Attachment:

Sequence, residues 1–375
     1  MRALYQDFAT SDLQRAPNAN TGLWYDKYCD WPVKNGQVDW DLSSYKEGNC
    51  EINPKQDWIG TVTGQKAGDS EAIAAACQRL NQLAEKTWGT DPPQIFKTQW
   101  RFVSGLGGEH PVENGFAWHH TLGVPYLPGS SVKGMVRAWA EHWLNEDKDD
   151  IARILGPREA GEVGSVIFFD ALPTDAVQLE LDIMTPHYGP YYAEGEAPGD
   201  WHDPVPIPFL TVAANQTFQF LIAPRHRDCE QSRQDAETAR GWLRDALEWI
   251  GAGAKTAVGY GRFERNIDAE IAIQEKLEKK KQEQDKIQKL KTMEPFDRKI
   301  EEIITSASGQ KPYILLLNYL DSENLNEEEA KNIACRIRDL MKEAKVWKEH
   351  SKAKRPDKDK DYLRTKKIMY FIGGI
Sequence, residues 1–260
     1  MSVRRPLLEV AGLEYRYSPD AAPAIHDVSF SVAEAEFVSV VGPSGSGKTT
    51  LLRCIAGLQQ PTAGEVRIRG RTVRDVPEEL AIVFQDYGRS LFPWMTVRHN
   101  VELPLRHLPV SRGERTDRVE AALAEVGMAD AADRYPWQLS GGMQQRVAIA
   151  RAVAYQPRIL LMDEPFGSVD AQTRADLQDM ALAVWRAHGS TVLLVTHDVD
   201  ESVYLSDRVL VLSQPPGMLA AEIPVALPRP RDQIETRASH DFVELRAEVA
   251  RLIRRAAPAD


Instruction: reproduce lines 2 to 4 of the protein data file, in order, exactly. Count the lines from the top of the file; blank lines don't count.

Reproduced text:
     1  MRALYQDFAT SDLQRAPNAN TGLWYDKYCD WPVKNGQVDW DLSSYKEGNC
    51  EINPKQDWIG TVTGQKAGDS EAIAAACQRL NQLAEKTWGT DPPQIFKTQW
   101  RFVSGLGGEH PVENGFAWHH TLGVPYLPGS SVKGMVRAWA EHWLNEDKDD